Henry Lee Lucas

The Whopper

Lucas's story is told in two full-length books, The Confessions of Henry Lee Lucas, by Mike Cox, and Hands of Death, by Max Call (although Call apparently believed everything that Lucas said, which in light of the details below, makes his book less then credible). Lucas has also been featured on several television documentaries, such as A&E's "Myth of a Serial Killer," and the 1986 movie, Henry: Portrait of a Serial Killer, which was recently released in a twenty-year anniversary edition. The Road, a 1988 play by David Earl Jones, was also based on stories Lucas told.

Video cover: Henry, Portrait of a Serial Killer
Video cover: Henry, Portrait of a Serial Killer

After admitting that he had killed, Lucas was charged with the murders of Kate Rich and Frieda "Becky" Powell.  He gave the authorities plenty of evidence, including the decomposed pieces of Becky, and at his June 21 arraignment in the Montague County courtroom, Lucas stated that he'd stabbed Kate Rich to death.  But then he went on, waiving his right to an attorney, to say that he'd had sex with the body, cut it into pieces and burned it in a wood stove behind his cabin. "I killed Kate Rich," he told a courtroom full of curious cops and reporters, "and at least a hundred more."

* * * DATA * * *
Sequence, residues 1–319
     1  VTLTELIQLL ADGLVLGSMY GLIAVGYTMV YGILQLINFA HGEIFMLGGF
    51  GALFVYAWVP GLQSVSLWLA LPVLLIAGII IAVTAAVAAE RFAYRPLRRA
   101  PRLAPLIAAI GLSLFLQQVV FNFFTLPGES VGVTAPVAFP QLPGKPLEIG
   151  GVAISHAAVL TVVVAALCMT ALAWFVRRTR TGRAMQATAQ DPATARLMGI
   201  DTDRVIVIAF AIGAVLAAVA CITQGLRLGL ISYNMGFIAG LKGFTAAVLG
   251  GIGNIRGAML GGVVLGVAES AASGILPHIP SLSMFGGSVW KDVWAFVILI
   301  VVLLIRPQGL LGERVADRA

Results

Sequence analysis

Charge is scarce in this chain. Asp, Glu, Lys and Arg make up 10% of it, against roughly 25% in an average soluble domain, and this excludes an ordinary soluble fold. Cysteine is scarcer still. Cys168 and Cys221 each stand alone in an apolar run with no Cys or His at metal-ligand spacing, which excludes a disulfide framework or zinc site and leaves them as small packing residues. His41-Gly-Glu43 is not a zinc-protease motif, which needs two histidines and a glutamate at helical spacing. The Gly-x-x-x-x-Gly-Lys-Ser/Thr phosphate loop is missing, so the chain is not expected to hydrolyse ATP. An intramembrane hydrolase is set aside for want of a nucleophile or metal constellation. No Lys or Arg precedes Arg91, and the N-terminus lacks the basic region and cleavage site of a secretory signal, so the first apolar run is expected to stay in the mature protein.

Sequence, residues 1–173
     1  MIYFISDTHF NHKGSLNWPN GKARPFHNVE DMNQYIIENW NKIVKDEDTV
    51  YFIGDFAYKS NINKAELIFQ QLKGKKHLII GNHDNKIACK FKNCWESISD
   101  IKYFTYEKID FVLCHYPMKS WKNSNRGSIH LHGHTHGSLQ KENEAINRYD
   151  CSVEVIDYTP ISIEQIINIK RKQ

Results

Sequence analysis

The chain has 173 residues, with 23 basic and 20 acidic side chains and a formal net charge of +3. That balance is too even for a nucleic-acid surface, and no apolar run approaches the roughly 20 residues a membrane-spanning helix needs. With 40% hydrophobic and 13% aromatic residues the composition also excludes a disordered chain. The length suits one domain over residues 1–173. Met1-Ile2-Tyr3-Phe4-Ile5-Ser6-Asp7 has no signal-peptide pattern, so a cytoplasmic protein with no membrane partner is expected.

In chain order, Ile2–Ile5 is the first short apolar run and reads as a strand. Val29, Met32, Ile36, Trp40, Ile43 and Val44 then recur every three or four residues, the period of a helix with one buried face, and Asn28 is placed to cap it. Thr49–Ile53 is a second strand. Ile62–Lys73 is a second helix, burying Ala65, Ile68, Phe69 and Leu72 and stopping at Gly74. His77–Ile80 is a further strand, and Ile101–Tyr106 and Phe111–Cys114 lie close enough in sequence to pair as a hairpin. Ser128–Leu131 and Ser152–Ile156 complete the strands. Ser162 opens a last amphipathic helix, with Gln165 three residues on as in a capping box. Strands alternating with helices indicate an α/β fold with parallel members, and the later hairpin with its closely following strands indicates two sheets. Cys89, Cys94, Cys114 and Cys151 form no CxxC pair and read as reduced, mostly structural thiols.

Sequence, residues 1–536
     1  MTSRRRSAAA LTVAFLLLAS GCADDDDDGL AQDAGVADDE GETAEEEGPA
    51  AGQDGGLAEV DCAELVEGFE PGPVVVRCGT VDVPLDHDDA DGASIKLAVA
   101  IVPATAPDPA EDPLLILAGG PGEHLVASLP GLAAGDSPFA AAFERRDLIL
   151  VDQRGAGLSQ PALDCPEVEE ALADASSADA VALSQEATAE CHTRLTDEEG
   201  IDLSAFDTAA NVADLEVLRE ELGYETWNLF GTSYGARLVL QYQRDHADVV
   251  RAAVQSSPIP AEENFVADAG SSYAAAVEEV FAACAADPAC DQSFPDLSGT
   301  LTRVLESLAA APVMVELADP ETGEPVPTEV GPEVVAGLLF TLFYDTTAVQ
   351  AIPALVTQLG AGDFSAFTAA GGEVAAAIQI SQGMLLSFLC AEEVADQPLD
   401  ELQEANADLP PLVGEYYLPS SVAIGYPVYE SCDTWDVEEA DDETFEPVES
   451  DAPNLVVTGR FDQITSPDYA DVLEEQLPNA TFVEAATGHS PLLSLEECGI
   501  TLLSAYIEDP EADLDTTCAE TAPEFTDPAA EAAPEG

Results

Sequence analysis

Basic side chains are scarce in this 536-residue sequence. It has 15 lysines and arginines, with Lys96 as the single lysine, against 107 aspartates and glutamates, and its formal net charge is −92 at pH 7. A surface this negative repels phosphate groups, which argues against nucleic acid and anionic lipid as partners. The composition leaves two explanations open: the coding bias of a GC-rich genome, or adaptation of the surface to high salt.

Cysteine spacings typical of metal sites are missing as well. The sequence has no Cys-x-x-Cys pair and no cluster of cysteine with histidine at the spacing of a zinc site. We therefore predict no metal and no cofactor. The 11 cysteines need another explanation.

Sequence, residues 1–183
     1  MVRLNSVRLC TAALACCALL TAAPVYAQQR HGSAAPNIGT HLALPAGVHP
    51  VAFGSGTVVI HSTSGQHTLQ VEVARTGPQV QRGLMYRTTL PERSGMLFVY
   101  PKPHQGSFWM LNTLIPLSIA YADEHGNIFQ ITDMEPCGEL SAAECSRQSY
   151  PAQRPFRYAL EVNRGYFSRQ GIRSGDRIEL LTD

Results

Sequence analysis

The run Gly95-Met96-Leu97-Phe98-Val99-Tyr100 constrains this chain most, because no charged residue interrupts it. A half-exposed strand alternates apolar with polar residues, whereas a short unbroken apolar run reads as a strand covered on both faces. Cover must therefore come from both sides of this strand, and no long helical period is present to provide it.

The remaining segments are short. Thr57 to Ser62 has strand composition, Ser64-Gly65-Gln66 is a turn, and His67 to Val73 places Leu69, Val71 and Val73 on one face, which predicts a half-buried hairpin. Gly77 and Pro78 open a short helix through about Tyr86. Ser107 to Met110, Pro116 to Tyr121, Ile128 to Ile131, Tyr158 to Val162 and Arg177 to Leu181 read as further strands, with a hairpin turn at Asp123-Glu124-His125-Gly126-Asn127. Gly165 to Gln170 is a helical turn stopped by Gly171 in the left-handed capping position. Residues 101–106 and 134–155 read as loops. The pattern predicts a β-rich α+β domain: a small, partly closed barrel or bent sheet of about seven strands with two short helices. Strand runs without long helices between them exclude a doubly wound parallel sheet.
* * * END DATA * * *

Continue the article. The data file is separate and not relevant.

Lucas claims responsibility for more deaths.
Lucas claims responsibility for more deaths.

The reaction was a stunned silence. One hundred!  Either this guy was an out-and-out liar or he was about to officially become the most proficient serial killer in American history.  The judge asked Lucas if he'd ever been diagnosed by a psychiatrist and he said he had not (he was lying, since he'd had several assessments during stints in prison). Yet he added, "I know it ain't normal for a person to go out and kill girls just to have sex with them."  In response to the judge's next question, Lucas believed he was competent to stand trial, so he was granted a public defender, Don Maxfield, to represent him.  When the judge entered a plea of not guilty for Lucas, the drifter asked, "Will I still be able to go on helping find bodies?"  He was urged to discuss it with his attorney.

By June 22, thanks to a front page story, Henry Lee Lucas had become a nationally famous serial killer.


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